Introduction: Multifocal intraocular lenses (IOLs) have been designed to provide improved near visual acuity without spectacles compared with monofocal IOLs. Early studies have reported variables amounts of decreased visual acuity and contrast sensitivity with multifocal IOLs, and some patients have experienced halos and glare.
Methods: The authors performed a prospective, double-masked, multicenter evaluation of 62 patients randomized between a new zonal-progressive optic multifocal IOL and a monofocal IOL.
Results: Mean postoperative spherical equivalent, astigmatism, and uncorrected and best-corrected distance visual acuity were similar between the two groups. Patients with a multifocal IOL achieved significantly better uncorrected near visual acuity than patients with monofocal IOLs (J3+ versus J7; P less than 0.0001). With distance correction only, mean near visual acuity was J2 versus J5- (P = 0.0001). Best-corrected near visual acuity was J1 for both groups, with 1.36 diopters (D) for the multifocal group versus 2.37 D for the monofocal group (P less than 0.0001). Regan contrast sensitivity was lower for the multifocal patients at all contrast levels, and achieved statistical significance at very low contrast (11% contrast; P = 0.0024). Fifty-two percent of patients with a multifocal IOL reported that they did not need spectacles at all or used them only for their fellow eye, compared with 25% of the patients with monofocal IOLs.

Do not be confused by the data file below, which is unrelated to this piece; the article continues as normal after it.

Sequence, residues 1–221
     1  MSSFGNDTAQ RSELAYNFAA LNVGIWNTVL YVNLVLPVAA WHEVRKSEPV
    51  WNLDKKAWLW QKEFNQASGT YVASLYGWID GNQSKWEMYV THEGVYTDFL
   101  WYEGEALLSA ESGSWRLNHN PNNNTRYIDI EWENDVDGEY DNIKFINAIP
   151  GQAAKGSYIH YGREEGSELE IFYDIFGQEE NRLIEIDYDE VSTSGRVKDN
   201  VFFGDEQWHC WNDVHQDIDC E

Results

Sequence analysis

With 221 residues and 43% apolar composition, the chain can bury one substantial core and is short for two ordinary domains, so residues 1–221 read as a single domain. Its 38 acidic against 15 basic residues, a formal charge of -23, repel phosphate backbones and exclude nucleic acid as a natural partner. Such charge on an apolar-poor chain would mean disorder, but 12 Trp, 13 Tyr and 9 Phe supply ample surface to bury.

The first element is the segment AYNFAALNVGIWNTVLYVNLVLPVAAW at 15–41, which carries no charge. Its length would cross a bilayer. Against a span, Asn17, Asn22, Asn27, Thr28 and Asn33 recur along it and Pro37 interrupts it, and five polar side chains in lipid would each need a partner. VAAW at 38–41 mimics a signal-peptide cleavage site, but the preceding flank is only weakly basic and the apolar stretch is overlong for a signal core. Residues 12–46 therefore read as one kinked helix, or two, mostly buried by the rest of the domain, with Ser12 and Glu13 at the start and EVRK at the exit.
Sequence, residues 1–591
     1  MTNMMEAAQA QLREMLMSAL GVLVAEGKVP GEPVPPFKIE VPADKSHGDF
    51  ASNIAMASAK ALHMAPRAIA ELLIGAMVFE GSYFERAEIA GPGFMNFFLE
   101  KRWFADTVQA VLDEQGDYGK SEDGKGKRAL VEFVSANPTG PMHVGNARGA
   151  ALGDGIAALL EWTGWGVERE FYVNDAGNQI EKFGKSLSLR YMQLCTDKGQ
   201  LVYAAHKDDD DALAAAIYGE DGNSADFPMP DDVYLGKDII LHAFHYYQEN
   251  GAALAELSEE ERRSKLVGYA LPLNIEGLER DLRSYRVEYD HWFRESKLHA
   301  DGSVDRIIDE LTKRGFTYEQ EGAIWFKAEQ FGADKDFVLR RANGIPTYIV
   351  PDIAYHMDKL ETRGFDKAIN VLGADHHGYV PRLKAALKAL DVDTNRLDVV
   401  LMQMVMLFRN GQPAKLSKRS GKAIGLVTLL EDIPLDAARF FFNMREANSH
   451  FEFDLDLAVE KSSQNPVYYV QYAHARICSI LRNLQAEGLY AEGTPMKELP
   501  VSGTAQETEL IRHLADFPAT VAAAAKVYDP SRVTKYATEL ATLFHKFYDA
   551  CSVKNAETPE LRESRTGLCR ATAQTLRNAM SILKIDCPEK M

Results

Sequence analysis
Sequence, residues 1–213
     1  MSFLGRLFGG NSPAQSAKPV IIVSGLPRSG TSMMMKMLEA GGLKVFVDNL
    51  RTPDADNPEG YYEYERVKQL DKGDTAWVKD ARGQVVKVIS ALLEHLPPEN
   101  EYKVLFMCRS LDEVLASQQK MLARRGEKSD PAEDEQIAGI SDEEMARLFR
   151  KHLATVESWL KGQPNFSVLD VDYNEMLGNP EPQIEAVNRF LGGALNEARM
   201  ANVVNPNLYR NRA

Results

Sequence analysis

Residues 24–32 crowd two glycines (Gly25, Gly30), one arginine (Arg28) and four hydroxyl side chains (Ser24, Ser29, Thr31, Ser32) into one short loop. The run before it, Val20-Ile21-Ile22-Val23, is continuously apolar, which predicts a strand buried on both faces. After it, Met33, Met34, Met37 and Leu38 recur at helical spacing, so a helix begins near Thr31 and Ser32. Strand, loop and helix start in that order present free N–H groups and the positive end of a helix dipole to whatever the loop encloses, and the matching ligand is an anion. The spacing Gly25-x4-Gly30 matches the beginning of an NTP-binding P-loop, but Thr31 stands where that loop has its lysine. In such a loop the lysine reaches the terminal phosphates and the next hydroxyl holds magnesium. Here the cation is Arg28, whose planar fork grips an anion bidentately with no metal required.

Conclusion: Both monofocal and multifocal implant patients were very satisfied with the results of their cataract extraction and IOL implant surgery. A small loss of contrast sensitivity with the multifocal IOL was demonstrated, consistent with theoretical predictions. The functional significance of the loss of contrast sensitivity appears to be small and counterbalanced by the advantage of improved uncorrected near visual acuity.